Palmer, F. W., 2808 Eads Ave., St. Louis Fernhurst 

Pavey, Mrs. C. W., Mt. Vernon, 111 The Shack 

Perrin, Mrs. M. A., 615 E. 12th St., Alton, 111 Shady Dell 

Pfeffer, Mrs. Wm. T., M'organford Road, St. Louis Brookside 

Pingree, S. S., St. Louis Pingree 

Priest, Mrs. Lucia I., 419 Henry St., Alton, 111 '. Club House 

Priest, Mrs. Lucia I., 419 Henry St., Alton, 111 Maple Hurst 

Rain, Mrs. Isabelle G., 2601 State St., Alton, 111 White Ribbon Rest 

Raithel, Geo. E., 4343 Forest Park Blvd., St. Louis Dew Drop Inn 

Roades, Nettie B., Chautauqua, 111 Restawhyle 

Roades, Nettie B. ( Chautauqua, 111 ^ Bohannon 

Roberts, Mrs. Augusta, St. Louis Buckeye Home 

Rodgers, A. F., Box 59, College and Rogers Ave., Upper Alton, 111 The Lodge 

Rudolph, J. S., 4040 Page Ave., St. Louis Two Oakes 

Scarritt, Rev. J. A., 319 E. Fourth St., Alton, 111 Pioneer Home 

Simmons, R. L., Brighton, 111 Nixon 

Sisson, Cyrus A. and Jennie M., Jerseyville, 111 Mushroom 

Slayton, Mrs. John N. Grafton, 111 Slayton Inn 

Smith, Mrs. Hannah B., Shipman, 111 Linger Longer 

Smith, H. V., Bunker Hill, 111 Sun Set 

Smith, Jane C, Heirs, Waverly, 111 Smith 

Spencer, Miss Anna, Jerseyville, 111 "Caro" 

Stewart, Byron, St. Louis The Shanty 

Steen, Geo. H., 5138 Kensington Ave., St. Louis Elmhurst 

Mrs. Rhoades, Chautauqua, 111 Sans Souci 

Spreecher, Mrs. D. W., 538 N. 14th St., East St. Louis Edgewood 

Talley, H. G., est., Piasa, 111 G. A. R. Inn 

Tunehorst, H. A., Jerseyville, 111 Tunehorst Rest 

Van Treese, Rev. F. M., Carmi, 111 Van Lodge 

Williams, C. T., 4256 Flad Ave., St. Louis Williamsyde 

Woods, D. W., 3536 Victor St., St. Louis Rivervlew 

Woods, J. P., 5215 Lindell Ave., St. Louis Outing Inn 

Woods, J. P., 5215 Lindell Ave., St. Louis House That Jack Built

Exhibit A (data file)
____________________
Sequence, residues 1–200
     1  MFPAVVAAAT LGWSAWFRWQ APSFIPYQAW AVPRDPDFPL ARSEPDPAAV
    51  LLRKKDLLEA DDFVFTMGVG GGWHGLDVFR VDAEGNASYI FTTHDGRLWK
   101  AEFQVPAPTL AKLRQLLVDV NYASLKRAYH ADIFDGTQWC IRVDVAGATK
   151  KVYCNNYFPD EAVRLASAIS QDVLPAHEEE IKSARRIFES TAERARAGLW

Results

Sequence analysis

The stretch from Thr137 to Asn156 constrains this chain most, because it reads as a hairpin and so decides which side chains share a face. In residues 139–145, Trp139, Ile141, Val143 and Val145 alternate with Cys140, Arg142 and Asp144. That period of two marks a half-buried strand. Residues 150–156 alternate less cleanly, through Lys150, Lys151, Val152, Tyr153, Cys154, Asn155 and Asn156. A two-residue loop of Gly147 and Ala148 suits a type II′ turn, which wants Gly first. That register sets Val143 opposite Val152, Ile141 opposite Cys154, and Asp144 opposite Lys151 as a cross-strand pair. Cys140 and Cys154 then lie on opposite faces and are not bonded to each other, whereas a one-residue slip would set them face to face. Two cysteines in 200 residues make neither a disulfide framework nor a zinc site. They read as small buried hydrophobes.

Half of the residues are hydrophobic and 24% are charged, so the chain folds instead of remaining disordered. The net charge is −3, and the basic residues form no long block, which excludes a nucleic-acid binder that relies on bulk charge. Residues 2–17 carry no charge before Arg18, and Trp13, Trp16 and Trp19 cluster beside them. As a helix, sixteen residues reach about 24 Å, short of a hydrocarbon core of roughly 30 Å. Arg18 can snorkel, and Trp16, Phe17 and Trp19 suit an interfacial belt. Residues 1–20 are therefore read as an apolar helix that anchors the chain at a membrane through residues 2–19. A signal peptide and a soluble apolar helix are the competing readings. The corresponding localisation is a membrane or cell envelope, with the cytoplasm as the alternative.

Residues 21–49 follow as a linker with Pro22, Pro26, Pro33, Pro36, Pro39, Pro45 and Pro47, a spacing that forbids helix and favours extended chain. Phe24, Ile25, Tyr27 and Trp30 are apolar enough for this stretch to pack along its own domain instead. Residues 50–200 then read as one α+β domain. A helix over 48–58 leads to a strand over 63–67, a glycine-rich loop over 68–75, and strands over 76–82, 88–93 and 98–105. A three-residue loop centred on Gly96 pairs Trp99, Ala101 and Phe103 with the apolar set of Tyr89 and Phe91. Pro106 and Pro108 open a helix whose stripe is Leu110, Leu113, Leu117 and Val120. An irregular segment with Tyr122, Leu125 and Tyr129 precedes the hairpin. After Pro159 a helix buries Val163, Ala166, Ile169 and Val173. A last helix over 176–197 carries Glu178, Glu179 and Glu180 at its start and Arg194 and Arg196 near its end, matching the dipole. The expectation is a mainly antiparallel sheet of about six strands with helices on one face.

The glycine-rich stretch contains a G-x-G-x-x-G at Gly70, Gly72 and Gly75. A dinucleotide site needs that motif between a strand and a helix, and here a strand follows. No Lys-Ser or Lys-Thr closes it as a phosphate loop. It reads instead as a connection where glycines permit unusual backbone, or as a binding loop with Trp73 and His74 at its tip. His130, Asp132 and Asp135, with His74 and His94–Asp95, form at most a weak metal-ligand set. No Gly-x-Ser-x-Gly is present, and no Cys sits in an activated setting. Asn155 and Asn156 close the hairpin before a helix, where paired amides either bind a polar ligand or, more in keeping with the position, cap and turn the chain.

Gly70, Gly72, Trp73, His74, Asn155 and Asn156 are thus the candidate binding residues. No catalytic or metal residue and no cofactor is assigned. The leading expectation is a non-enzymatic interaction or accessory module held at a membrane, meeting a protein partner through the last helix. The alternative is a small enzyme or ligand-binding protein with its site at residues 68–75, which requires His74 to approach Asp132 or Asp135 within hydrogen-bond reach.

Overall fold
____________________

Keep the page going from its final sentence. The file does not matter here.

Woods, Mrs. J. P., 5215 Lindell Ave., St. Louis Grandview 

White, Mrs. J. C, Manning St., Upper Alton, 111 Whitehall 

Woman's Christian Home, St. Louis Summer Rest 

Woman's Christian Temperance Union "W. C. T. U. 

Woman's Relief Corps W jj q 

Wyckoff, Mrs. D. A., 150 Manning St., Upper Alton, 111 Wyckoff 

Yerkes, Dr. T. T., Upper Alton (Mrs. Pauline Collins in charge) . .Sleepy Hollow 
Terkes, Dr. T. T., Upper Alton (Mrs. Pauline Collins in charge) Twin Cottage 



40 



New Piasa Chautauqua 



HOTEL AND BOARDING HOUSE RATES AT NEW PIASA CHAUTAUQUA 

Hotels and Boarding Houses are making reasonable rates for season of 1913. The 
service rendered is commensurate with the price charged, being equal to and in 
most cases superior to that supplied at most resorts where the rates are higher and 
the service oftentimes more or less indifferent. We list below a few only, with whom 
the expectant visitor may correspond in advance with reference to making reservation. 
Several whose names do not appear among this list, because of failure to respond 
in time to the committee's inquiry, are fixed to accommodate guests by the day, 
week, or month — with or without Board. A complete register is kept on file in the 
manager's office on the grounds, where strangers may apply for additional information.